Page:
Contributed by: Brett Northey
Back in 2009 we quoted AFL South Africa data showing 17,000 participants in Australian football in that country. But at the time the body had just undergone major expansion to cover four provinces and was switching instead to a consolidation mode to ensure the program was sustainable. Although completely understandable it was still probably not what international footy fans wanted to hear, always keen to see numbers growing rapidly.
It seems that 2012 was a period of expansion again with numbers up to 20,000. And AFL South Africa National Participation Manager July Machethe (pictured) has told worldfootynews.com that the aim by 2016 is 30,000 participants. Note that this includes the all-important umpires and school based mass participation programs. Machethe has provided a breakdown of the 2012 numbers into different categories, as shown below.
Another area of interest is tracking senior footy and club development. In terms of developing an adult footprint and really entrenching the game then long term that will be key. We also saw back in 2009 how quickly players developed when exposed to regular football in Western Cape when a six team league was run and the province suddenly lept to national champion status. Machethe comments on progress so far to establish more opportunities like that.
Further news is that Australian Anthony "Joel" Kelly, AFL South Africa's National Operations Manager for the last 5 years, has moved on with a replacement expected to be announced this month and quite likely to be a South Africa.
July Machethe explained that South Africa remains a key market for the AFL and that juniors are still their focus, with the FootyWILD BIG 5 (analogous to Auskick in Australia) the primary source of numbers. But of course to develop adult footy and elite talent some of these children need to progress into what could be called "youth footy" and then senior footy. Machethe provided the following:
Specifically on creating adult football clubs and leagues allowing regular competition, thus replicating the success of the six clubs formed in Western Cape, it was disappointing to learn that the league had shrunk. Better news was that something similar had at least been generated for all four active provinces. Machethe again:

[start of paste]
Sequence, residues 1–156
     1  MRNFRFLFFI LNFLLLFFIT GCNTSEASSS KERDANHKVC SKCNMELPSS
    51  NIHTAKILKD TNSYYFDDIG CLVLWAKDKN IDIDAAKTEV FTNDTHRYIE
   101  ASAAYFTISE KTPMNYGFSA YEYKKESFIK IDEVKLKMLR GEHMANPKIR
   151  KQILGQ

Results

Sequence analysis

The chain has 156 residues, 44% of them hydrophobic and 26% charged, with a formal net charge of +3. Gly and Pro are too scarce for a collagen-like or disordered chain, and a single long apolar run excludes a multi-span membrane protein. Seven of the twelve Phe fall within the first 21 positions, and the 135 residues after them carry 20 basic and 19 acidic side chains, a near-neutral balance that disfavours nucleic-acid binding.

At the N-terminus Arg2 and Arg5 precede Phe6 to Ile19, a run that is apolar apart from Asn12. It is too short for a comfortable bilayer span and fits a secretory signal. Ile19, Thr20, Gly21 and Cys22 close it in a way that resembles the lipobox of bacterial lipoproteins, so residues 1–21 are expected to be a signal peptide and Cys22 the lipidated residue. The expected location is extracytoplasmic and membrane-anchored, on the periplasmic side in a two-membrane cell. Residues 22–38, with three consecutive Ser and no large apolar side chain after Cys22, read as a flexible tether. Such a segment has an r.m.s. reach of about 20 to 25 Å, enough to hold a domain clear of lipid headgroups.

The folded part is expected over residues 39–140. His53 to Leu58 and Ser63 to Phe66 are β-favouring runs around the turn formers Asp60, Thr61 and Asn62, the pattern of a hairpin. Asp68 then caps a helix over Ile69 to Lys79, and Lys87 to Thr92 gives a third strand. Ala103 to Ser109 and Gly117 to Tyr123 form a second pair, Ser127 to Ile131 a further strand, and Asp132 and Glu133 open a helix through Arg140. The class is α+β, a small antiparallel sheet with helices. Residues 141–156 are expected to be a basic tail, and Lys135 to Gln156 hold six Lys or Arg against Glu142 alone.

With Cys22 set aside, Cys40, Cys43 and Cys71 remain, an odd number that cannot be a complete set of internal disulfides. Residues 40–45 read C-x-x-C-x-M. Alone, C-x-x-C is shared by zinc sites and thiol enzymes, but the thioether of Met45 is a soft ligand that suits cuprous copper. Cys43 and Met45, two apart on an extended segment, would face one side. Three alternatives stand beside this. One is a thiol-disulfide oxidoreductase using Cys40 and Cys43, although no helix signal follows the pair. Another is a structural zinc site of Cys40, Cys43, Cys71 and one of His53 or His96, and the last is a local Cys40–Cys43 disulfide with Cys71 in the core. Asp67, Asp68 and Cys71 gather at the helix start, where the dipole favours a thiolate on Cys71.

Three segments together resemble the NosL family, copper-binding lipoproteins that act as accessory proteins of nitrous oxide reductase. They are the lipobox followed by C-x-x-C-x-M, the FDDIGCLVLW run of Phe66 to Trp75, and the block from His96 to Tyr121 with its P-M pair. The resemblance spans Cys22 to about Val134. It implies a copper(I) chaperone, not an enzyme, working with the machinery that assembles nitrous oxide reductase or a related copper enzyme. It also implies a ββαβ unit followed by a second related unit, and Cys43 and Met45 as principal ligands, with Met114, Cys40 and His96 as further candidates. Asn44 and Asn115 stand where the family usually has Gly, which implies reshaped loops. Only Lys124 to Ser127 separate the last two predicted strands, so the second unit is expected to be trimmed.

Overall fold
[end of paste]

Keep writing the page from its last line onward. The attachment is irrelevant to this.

"With regard to the Western Cape Teams – there’s only 3 teams remaining from the initial competition – teams merged to form just 3 teams. This was purely because there was a challenge to recruit new senior players every year as they leave for studies, work or other responsibilities hence we recently have a strong focus to develop youth footy so that it ultimately feeds onto the Extreme (senior) competitions so that the other teams can see daylight again.
"The ground is much more levelled as far as North West used to dominate – all provinces have equal opportunity to compete. We have local competitions in four of our provinces mainly for Extreme and Youth teams whereby they play every weekend and 2nd weekend at minimum. We still have centres especially in the North West far apart from each other and yes to some extent it makes it more difficult to reach the full potential of the competitions to run effectively".
Also outlined was a new format for the National Championships:
"We also have a new format of the National Championships whereby the championships are played over a period of 6 months instead of just a week. The provincial teams plays each other once with the fixtures spread across the 6 months. We will have 2 games taking place on the same day but one played in Cape Town and other in Jo’burg. This is a 3 rounds fixture and the finals week is played in September around the AFL Grand Final Week".